Connection, Community, Commitment
In the United States, Spring is rapidly approaching. Where I live in Atlanta, it would be fair to say that it is already here: warm temperatures and rain abound while grass slowly pokes up green shoots among the sod freshly laid in my neighborhood. Elsewhere in our country, however, it’s still cold, and some far-flung friends still contend with mounds of snow. We all yearn for the return of warmth and light, ready to shake off our necessary indoor hibernations and reconnect with the world.
How much connecting do we really do? As pagans and earth-religious folk, we are more apt to enjoy our time outdoors, regardless of season, and build and knit community. We are just as prone as the rest of the world to disconnect, allowing digital connections to replace hugs, handshakes, and the earth beneath our feet. While we are kept apprised of local and worldwide events, we forego direct experience. Western society as a whole has an enormous longing for connection in all its forms, because we have slowly forgotten how to connect as we have technologically progressed.
Our connections to one another have weakened. Our connections to the earth have weakened. We see this demonstrated in numerous articles on relationships, in the constant battles against all forms of bigotry, in the growing awareness of food sources and nutrition, and the fight to have our government recognize the realities of pollution and climate change. On many fronts, we struggle to connect back with loved ones, community, and our natural environment. We are all connected, but we have lost sense of connection.
I am concerned with many things. I see my genderqueer friends struggle for recognition of their humanity, just like my gay or racially diverse friends, and fellow feminists. Laws are being passed in the guise of ‘religious freedom’ to allow discrimination. The banning of the phrase “climate change” in Florida’s government even as the waters in Miami are rising. Fossil fuel companies abusing the environments they drill or blast while the communities that depend on the jobs or tourism suffer from the manifold fallout. Food deserts in cities compounded by ignorance of proper nutrition or any connection to where and how food is grown. Cycles of poverty and abuse intrinsic to systems of oppression.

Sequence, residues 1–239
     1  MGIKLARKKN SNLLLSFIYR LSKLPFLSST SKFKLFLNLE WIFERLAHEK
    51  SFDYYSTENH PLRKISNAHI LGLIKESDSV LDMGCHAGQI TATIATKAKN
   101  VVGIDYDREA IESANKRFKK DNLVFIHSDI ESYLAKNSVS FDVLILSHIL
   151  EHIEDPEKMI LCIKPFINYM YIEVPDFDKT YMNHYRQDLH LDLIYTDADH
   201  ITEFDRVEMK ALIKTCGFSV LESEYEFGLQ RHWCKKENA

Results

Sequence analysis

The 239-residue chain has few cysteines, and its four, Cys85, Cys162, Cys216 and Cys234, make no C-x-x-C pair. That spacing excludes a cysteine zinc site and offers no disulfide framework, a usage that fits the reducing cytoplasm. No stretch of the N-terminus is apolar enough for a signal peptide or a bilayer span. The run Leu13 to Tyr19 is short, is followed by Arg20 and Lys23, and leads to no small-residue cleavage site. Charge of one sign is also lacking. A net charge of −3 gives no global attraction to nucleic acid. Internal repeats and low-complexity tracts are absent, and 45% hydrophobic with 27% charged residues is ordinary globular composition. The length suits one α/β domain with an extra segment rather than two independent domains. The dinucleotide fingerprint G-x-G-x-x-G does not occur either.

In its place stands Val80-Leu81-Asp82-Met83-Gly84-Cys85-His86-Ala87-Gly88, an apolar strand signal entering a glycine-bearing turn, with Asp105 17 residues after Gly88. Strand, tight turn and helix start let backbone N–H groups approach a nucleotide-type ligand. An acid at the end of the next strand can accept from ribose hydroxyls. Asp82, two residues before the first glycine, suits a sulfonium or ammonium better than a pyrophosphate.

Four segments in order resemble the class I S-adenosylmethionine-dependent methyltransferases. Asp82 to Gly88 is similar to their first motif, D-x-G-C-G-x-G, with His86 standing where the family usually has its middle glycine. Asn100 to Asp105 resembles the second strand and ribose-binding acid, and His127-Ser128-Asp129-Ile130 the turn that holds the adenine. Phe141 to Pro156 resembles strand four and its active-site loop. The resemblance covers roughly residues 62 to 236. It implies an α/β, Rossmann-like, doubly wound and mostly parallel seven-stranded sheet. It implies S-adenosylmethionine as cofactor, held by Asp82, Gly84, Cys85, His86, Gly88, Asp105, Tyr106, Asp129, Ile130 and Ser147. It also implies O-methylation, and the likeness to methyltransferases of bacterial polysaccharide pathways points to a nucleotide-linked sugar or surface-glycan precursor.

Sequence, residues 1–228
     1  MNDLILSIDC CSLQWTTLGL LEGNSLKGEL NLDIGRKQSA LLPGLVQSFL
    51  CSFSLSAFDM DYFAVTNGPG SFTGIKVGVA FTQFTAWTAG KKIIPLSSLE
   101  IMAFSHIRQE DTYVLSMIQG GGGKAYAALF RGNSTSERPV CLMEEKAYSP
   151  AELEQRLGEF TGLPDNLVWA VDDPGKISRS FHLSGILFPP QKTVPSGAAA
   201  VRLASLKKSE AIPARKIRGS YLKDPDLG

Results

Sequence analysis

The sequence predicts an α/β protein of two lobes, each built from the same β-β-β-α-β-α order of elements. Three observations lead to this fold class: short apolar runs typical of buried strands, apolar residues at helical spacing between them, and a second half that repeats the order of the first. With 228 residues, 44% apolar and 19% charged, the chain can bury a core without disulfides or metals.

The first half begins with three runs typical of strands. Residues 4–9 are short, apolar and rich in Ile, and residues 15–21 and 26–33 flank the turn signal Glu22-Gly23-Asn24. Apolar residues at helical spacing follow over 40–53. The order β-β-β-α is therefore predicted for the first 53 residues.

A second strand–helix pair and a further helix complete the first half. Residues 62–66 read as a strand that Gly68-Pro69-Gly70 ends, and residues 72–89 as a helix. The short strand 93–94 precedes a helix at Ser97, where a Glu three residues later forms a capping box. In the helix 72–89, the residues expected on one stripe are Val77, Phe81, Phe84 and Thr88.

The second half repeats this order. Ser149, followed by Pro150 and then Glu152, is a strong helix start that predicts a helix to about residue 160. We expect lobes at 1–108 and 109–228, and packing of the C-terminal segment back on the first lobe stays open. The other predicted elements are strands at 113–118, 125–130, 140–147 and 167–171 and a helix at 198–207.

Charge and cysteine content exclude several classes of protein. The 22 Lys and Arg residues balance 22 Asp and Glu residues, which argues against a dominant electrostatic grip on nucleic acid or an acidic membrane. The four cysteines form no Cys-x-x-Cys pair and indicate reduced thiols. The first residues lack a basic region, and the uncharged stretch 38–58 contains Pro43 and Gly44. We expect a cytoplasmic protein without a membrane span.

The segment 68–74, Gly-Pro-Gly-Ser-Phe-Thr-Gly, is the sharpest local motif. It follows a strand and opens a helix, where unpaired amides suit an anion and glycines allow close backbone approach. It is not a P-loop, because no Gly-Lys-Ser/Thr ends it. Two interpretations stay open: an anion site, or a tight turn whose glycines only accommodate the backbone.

I believe that we can heal it all, in time, if we spend a little less time on our phones and more time having a coffee together in our kitchens, sharing each other’s recipes, helping weed each other’s gardens, and looking after each other’s children. We reknit our bonds in the most basic and positive of ways, and remember what it is to trust each other again.
Angela Davis recently talked at the University of Southern California, and spoke of a need for intersectionality in all of these struggles:
“There can be no great triumph over racism without addressing capitalism, sexism, homophobia, transphobia, the environment that we live in and the food that we consume. We have to recognize all of these connections.”
“Intersectionality” is a sociological term coined by Kimberlé Crenshaw, and says that racism, misogyny, religious discrimination, ageism, ableism, homophobia, and other such social injustices don’t exist separately, but rather “interrelate, creating a system of oppression that reflects the “intersection” of multiple forms of discrimination.” Currently, our injustices work together better than we do!
This Spring, as we re-emerge, blinking, into the sunlight to embrace its return, let us also renew our commitments to each other. Talk to your neighbors. Plan a community garden. Get involved in your local schools and libraries. Help a stranger. Lend your voice to another’s struggles. Protect your local water supply. It’s time to manifest Spring in the hearts and minds of our communities and not just ourselves.